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Homemade Pretzels

I haven't made homemade pretzels since we were in Alabama and I had forgotten how easy they are if not a little time consuming. I made these last week for Oscar night. They keep a long time in an airtight container. 1   (.25 ounce) package   active dry yeast 1 tablespoons   brown sugar 1  teaspoons   salt 1 ½   cups   warm water (110 degrees) 3   cups   all-purpose flour 1   cup   bread flour 2   cups   warm water (110 degrees) 2   tablespoons   baking soda 1-2   tablespoons   butter, melted 2   tablespoons  kosher salt Line two or three baking sheets with parchment paper and set aside. Place the yeast, brown sugar and salt in the 1.5 cups of warm water. Stir to dissolve. Stir in the flour. Knead for about 7-8 minutes. Place in a greased bowl and cover. Let it rise for an hour (I place mine in the oven with the light on). Combine the two cups of warm water with the baking soda in a square shallow pan. After the dough has risen, cut it into 12 equal pieces.  Roll each section into a

Preparing For Another Heat Wave


Well, it is happening again. Today the temperature reached 100, tomorrow's high is 104-107 depending on who you listen to and Friday will be over 100 as well. This isn't quite the historical 112 degrees that we received earlier (Portland was even higher) but it is enough to be distressed about.

I opted to be cautious so I've covered my plants that suffered the most the last time this happened. The garden looks like ghostly ghouls are visiting. The Stewartia pseudocamellia tree (top photo) was the most difficult to cover because of its height. I should have given this tree a shadier location. If this kind of thing continues, I might consider moving it or replacing it altogether.

Another biggie is the Spanish Fir (Abies pinsapo) in the northeast corner of the front garden. It had some tip damage from the last inferno. The smaller plants around it are both barberries. Berberis calliantha on the left was hit particularly hard and is slowly recovering.



The Wheel Tree (Trochodendron araliodes) was another victim and although it has quickly gained new leaves, it does not like the heat or sun.

 



And finally, a few dwarf conifers - Picea abies 'Pusch' (not shown) and Picea orientalis 'Tom Thumb' (below) -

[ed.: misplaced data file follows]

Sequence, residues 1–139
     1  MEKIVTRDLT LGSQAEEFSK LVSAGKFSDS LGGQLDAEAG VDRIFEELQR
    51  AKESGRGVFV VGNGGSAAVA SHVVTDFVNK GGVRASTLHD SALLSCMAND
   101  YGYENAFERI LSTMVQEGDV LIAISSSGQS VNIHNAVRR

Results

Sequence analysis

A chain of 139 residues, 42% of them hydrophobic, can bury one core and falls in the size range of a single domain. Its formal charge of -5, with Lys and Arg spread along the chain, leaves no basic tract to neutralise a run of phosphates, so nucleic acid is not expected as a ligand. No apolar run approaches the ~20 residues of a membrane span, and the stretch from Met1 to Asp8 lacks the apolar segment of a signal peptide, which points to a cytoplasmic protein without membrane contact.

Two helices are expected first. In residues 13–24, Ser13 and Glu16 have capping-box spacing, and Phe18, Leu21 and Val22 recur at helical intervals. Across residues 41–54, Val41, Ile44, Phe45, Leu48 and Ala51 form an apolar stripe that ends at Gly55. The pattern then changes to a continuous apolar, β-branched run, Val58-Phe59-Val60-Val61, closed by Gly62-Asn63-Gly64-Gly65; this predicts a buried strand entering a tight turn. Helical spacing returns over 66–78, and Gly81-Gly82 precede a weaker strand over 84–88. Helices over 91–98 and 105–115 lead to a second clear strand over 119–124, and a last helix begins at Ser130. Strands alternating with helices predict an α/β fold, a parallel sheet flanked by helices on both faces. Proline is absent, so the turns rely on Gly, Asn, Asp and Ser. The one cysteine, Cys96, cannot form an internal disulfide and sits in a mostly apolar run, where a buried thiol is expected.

One day down, two to go!

 

Text and photos by Phillip Oliver, Dirt Therapy

Comments

  1. I hope you get through the current heatwave without damage, Phillip. Remarkably, we haven't hit 100F once yet in my location this summer - yesterday we peaked at 94F but even that didn't last. Our inland valleys haven't been as lucky and I can't help but wonder if the other shoe will drop here before this summer's in our rear view mirror.

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  2. Hah! Never thought it would be necessary in the PNW to cover plants in the summer because of extreme high heat. It almost always got hot at some point each summer and I was very happy I had air conditioning but would never have predicted this. I moved away in 2007 (which is hard to believe) and have never quite adjusted to the idea that summer, in Alabama, is not a fun time. I hope the PNW moves back to a more "normal" situation but it's not looking good for the future. In the meantime, this is the first summer here where I still have green grass in August. Even the long stretch that was always sparse and looked bad is now looking green and full.

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    Replies
    1. Barbara, it is crazy and we are really bummed about it. We thought this would be our forever home but that may not be the case.

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  3. Before reading, I thought the first photo depicted a new garden sculpture ;) -- the temps are forecast a little lower than the last heat wave, thank goodness, so I'm hoping all your prep does the trick.

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